If you need to get a document notarised, a JP and a Notary Public can certify people’s identities on documents and authenticate true copies of original documents. Whilst JPs and Notary Publics carry out similar roles, there are some key differences between the two. The main difference between a JP and a Notary Public is that a JP can only provide assistance in Australia. A Notary Public, on the other hand, is recognised in both Australia and overseas. See this article for further explanation of the differences between the main functions that each role performs. 

Contact a Justice of the Peace if you need assistance with:

  • witnessing an oath or affidavit;
  • taking  a statutory declaration or affirmation;
  • witnessing a signature; or
  • certifying a true copy of an original document.

How Do I Find a Notary Public or JP?

Each State or Territory has public notary registers which include notaries available to witness documents. See the relevant listing below:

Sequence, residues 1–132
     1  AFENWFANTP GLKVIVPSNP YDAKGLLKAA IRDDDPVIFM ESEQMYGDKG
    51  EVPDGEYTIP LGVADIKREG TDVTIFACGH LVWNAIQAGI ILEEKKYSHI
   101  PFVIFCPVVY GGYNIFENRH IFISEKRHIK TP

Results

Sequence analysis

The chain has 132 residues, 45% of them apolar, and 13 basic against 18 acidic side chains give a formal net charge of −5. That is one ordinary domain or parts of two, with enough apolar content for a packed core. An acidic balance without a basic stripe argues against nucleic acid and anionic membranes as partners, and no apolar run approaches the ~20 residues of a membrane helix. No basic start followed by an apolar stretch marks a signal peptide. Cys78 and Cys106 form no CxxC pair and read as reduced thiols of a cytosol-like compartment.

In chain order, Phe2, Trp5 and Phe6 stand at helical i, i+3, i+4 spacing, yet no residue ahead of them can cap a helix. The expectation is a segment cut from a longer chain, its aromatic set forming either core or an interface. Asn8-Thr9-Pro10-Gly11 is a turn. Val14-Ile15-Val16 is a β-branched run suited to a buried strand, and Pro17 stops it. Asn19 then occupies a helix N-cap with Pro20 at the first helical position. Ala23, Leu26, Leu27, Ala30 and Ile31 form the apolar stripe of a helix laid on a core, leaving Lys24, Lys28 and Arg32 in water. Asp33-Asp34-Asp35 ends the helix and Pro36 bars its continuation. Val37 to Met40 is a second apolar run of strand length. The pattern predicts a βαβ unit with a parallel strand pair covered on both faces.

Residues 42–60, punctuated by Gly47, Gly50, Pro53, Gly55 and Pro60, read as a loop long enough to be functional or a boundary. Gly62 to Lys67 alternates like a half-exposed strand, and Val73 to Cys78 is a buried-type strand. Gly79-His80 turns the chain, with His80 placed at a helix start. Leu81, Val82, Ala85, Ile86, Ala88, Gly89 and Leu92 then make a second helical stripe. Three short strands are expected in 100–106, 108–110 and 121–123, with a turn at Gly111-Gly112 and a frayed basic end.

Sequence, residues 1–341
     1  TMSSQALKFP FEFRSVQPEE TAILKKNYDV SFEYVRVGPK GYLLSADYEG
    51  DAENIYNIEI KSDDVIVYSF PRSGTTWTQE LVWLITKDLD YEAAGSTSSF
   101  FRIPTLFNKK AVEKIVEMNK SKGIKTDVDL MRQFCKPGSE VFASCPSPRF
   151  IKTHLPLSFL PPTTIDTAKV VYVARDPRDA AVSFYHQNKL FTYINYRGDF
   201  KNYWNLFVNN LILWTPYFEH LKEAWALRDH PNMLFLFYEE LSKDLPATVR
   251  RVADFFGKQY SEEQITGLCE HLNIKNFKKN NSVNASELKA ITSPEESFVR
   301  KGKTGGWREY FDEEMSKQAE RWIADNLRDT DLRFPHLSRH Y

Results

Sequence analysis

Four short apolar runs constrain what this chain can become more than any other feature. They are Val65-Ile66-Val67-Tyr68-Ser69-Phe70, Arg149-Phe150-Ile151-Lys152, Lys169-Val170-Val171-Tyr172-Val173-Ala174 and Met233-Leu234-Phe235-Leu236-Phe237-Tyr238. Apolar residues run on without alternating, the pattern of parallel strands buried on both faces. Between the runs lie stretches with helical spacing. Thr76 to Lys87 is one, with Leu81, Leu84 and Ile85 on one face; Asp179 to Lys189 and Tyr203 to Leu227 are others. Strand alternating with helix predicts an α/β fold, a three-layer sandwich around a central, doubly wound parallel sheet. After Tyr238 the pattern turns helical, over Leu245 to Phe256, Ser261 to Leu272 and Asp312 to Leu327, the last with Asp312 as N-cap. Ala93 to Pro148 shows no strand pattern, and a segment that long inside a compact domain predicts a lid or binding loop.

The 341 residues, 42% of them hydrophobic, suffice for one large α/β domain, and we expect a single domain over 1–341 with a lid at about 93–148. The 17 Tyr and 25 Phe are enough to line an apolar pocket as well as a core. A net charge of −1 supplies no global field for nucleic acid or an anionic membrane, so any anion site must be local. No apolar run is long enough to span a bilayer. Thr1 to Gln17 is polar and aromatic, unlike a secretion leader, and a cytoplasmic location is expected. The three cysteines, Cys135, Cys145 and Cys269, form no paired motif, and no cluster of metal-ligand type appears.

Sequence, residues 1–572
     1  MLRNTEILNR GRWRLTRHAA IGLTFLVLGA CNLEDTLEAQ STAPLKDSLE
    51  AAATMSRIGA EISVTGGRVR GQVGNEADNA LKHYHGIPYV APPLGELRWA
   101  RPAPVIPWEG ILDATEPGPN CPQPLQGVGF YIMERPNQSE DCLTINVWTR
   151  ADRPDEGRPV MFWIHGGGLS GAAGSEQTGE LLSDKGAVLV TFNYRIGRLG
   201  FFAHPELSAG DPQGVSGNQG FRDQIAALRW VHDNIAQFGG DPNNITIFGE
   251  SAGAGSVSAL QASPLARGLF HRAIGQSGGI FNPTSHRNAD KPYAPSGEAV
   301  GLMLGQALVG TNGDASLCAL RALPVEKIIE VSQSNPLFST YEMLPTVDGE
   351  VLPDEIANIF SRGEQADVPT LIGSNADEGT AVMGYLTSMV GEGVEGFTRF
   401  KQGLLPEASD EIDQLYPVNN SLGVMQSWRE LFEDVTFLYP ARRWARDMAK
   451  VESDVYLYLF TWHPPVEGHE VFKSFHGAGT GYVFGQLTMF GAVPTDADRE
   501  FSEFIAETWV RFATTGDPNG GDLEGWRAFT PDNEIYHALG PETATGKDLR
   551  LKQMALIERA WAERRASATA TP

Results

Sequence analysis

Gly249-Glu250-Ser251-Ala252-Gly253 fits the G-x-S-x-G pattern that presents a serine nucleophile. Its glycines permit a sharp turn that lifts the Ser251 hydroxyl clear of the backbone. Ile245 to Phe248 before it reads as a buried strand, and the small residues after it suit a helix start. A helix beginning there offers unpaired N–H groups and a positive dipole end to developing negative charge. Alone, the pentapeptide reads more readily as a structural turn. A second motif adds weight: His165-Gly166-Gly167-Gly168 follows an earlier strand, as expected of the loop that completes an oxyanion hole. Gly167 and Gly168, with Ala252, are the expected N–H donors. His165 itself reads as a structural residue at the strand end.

Key Takeaways

A notarised document is one that has been attested and certified by a Notary Public for use in Australia and overseas. If you need to get a document notarised, schedule an appointment with a Notary Public in your state and ensure you take along the relevant document and identification to your appointment. Do not sign the document before seeing the Notary Public, and you have the Notary Public stamp or seal document as required.

If you need advice on a contract or legal document that is for Australian or international use, call LegalVision’s contract lawyers on 1300 544 755 or fill out the form on this page.

Frequently Asked Questions

What is a notarised document?

A notarised document is a document that has been certified by a Justice of the Peace (JP) or a Notary Public. Indeed, this official will verify the person’s identity or persons signing a document, witness them signing, and then mark the document with a stamp or seal.

Who can notarise a document?

A Justice of the Peace (JP) and a Notary Public can certify people’s identities on documents and authenticate true copies of original documents. Whilst JPs and Notary Publics carry out similar roles, there are some key differences between the two. A JP can only provide assistance in Australia. Whereas, a Notary Public is recognised in both Australia and overseas.